Hotel Review: Boston’s XV Beacon

I’m a sucker for a good party. So when I learned that XV Beacon in Boston’s Back Bay was celebrating its 10th birthday this year, I grabbed my party hat, packed my bags and made my way over to the 60-room boutique hotel in Beacon Hill. (After all, 10 is an important age: you’re finally out of single digits, you’re only three years away from being a teenager and in another 10 years, you’ll be only 10 more years away from 30 and that’s an entirely other party! But, I digress…)

The Boston hotel opened on Dec. 31, 1999, and has witnessed an interesting turn of events over the past decade. Amy Finsilver, general manager of XV Beacon, said that while the clientele has remained the same, their demands have changed.

“The demands are more today because every dollar counts,” said Finsilver. “Everyone is spending a lot of time and money, but we’re not bringing in the same amount of money, so we have to adjust to meet the changing needs of the guests. They want intimacy and privacy, and that’s what they’ll get.”

Turning 10 is a big year for XV Beacon – the rooms will undergo slight renovations, (namely, the addition of cashmere throws and new bath fragrances made from a signature XV Beacon scent), and the hotel’s restaurant, Mooo, will continue to reinvent its menu for locals and travelers who have come to enjoy the ambiance of the steakhouse. In the meantime, I decided to spend a night at the tony Beacon Hill address and check out the views for myself.THE ROOMS

The 10 guest room floors of XV Beacon are designed to resemble an apartment building instead of a hotel. You’ll find the room numbers prominently placed on the side of the door, immediately up from the doorbell (a nice touch for business travelers who spend more time on the road than at home).

The rooms are decorated in champagne and gold tones with black accents, and every room has a gas-powered fireplace, a surround-sound stereo system and fully-stocked mini-bar. The king- or queen-sized beds are set apart from the ‘office space’, which includes a full-sized desk and complimentary WiFi access. Sadly, the WiFi is the one thing that didn’t work in the room. Maybe it’s because the building is so old, or maybe it’s just that the provider isn’t very good, but there was little-to-no signal, which is shame when the WiFi is free. Instead, I plugged into the cable in the wall and found a fast signal, but as a business traveler I would have enjoyed the free WiFi from the comfort of my bed or sofa.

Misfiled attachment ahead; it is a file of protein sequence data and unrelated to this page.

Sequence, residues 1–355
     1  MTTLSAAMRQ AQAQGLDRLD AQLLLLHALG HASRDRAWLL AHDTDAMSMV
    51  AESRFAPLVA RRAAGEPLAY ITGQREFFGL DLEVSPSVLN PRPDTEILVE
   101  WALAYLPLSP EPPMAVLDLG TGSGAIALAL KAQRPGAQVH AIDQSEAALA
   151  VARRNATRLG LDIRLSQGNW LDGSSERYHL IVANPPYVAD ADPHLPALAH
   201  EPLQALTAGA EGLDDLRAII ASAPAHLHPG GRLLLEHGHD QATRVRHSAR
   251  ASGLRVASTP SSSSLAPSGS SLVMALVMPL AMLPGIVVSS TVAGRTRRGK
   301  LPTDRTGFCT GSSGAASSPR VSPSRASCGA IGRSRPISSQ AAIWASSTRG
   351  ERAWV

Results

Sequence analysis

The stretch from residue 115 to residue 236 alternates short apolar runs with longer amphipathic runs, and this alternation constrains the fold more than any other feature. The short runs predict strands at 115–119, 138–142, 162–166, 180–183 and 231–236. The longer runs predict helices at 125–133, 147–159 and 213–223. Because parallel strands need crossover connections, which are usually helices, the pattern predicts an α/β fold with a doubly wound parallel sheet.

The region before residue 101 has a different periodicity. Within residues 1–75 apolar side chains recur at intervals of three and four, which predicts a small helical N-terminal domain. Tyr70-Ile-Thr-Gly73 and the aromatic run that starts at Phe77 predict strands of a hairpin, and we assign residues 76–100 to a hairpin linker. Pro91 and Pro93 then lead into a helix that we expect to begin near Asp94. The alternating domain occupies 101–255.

Like many boutique hotels, XV Beacon is striving for a more eco- friendly environment. Each room comes with ‘green cards’, which tell hotel staff whether or not the sheets and towels need to be changed and washed (a bonus in my book).


The bathrooms in XV Beacon are worthy of their own article. Complete with “Fresh” products and a shower built for 10 (also a tub/jacuzzi combo), these bathrooms are about the size of a small apartment and come complete with shoe-shine kits, sewing kits, and a walk-in closet.

Thanks to the sound engineers who clearly had a hand in the design phases, there are built-in speakers in the bathrooms so you can rock out to the radio during tub time, or at least wake up to some soothing sounds before starting your day.

Quite honestly, the XV Beacon could have charged me to stay in the bathroom and I would have been happy.


I was a little hesitant to eat at Mooo simply because the name alone frightens me. However, I’d heard great things about the food and staff so I removed the sounds of cows grazing from my head and entered the steak house.

The place filled up quickly with business elite from nearby Beacon Hill offices. The menu, as you might expect, is steak heavy but also features fresh local seafood specials and an extensive wine list with over 750 selections and 4,000 bottles wine. Truth be told, a part of me wanted to skip dinner and spend the evening in the cellar reliving history among the bottles of Bordeaux.

The prices at Mooo are standard – $5-$8 side dishes; $25-$45 steaks and entrees. If you’re not up for a full meal, you can sit at the bar with a martini and mac-n-cheese and still soak in the atmosphere of the place.


Since XV Beacon is a small hotel that caters mainly to the business traveler, the staff recognizes most of its regulars and has their favorite amenities (newspapers, dinner reservations, car services) waiting. It’s these essentials that keep the business traveler coming back to XV Beacon, but it’s also this kind of attention that appeals to leisure travelers who have felt a dip in customer service over the past year.

Within a few minutes of entering my room, I received a call to make sure the room was to my liking. It was. However, after 10 minutes of trying to connect with WiFi I finally called for back-up. The hotel sent up a cable wire to plug in and was more than helpful in setting up the Internet service.

One of the benefits of XV Beacon is the hotel car service, which is available to all guests for airport transfers or local rides to business meetings, the theater or dinner reservations. The concierge will ask for your schedule so they can properly prepare any transportation and in the meantime, you can rest assured knowing you’ll end up where you need to be on time.


If there were a “Best in Show” for hotels, XV Beacon would be the top dog in its breed. Business travelers can’t go wrong here, and for those leisure travelers looking for a little more attention or a more intimate getaway, XV Beacon is a good choice.

While XV Beacon offers competitive rates for its class, budget-conscious travelers would do well at a cheaper hotel with less amenities. Standard rates at XV Beacon begin at $250 and go as high as $575. Currently, the hotel is offering a 10% discount to Boston residents who want a mini-vacation without having to leave the city.